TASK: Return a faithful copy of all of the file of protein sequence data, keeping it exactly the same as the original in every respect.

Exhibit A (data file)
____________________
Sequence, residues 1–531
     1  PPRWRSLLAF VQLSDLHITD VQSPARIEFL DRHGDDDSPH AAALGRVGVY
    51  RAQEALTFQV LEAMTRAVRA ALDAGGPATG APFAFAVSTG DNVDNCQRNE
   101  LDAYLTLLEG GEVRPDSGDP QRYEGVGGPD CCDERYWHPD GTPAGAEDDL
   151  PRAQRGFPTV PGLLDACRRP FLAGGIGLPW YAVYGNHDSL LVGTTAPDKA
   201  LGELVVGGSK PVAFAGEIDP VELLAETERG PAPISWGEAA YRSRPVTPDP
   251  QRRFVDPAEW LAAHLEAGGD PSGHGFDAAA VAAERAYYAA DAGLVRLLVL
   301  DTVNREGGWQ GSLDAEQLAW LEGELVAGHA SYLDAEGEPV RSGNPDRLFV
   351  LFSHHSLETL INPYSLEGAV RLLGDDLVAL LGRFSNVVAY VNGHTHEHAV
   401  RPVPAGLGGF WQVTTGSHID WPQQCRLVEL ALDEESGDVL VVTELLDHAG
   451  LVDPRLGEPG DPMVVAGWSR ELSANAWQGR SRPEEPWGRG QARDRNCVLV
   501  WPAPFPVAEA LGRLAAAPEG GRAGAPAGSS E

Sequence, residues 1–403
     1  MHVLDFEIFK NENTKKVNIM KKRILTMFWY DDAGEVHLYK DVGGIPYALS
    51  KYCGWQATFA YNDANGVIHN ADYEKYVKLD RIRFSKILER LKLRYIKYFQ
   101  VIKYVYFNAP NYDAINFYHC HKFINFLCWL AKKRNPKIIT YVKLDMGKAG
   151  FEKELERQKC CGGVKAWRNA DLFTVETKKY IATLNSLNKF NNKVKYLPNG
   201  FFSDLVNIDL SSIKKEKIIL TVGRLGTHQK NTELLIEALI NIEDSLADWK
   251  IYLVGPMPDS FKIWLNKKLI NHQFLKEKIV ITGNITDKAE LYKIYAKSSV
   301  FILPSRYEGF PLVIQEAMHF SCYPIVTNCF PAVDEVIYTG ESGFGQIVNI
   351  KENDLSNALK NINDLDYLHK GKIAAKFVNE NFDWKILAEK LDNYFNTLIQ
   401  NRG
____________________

Sequence, residues 1–531
     1  PPRWRSLLAF VQLSDLHITD VQSPARIEFL DRHGDDDSPH AAALGRVGVY
    51  RAQEALTFQV LEAMTRAVRA ALDAGGPATG APFAFAVSTG DNVDNCQRNE
   101  LDAYLTLLEG GEVRPDSGDP QRYEGVGGPD CCDERYWHPD GTPAGAEDDL
   151  PRAQRGFPTV PGLLDACRRP FLAGGIGLPW YAVYGNHDSL LVGTTAPDKA
   201  LGELVVGGSK PVAFAGEIDP VELLAETERG PAPISWGEAA YRSRPVTPDP
   251  QRRFVDPAEW LAAHLEAGGD PSGHGFDAAA VAAERAYYAA DAGLVRLLVL
   301  DTVNREGGWQ GSLDAEQLAW LEGELVAGHA SYLDAEGEPV RSGNPDRLFV
   351  LFSHHSLETL INPYSLEGAV RLLGDDLVAL LGRFSNVVAY VNGHTHEHAV
   401  RPVPAGLGGF WQVTTGSHID WPQQCRLVEL ALDEESGDVL VVTELLDHAG
   451  LVDPRLGEPG DPMVVAGWSR ELSANAWQGR SRPEEPWGRG QARDRNCVLV
   501  WPAPFPVAEA LGRLAAAPEG GRAGAPAGSS E

Sequence, residues 1–403
     1  MHVLDFEIFK NENTKKVNIM KKRILTMFWY DDAGEVHLYK DVGGIPYALS
    51  KYCGWQATFA YNDANGVIHN ADYEKYVKLD RIRFSKILER LKLRYIKYFQ
   101  VIKYVYFNAP NYDAINFYHC HKFINFLCWL AKKRNPKIIT YVKLDMGKAG
   151  FEKELERQKC CGGVKAWRNA DLFTVETKKY IATLNSLNKF NNKVKYLPNG
   201  FFSDLVNIDL SSIKKEKIIL TVGRLGTHQK NTELLIEALI NIEDSLADWK
   251  IYLVGPMPDS FKIWLNKKLI NHQFLKEKIV ITGNITDKAE LYKIYAKSSV
   301  FILPSRYEGF PLVIQEAMHF SCYPIVTNCF PAVDEVIYTG ESGFGQIVNI
   351  KENDLSNALK NINDLDYLHK GKIAAKFVNE NFDWKILAEK LDNYFNTLIQ
   401  NRG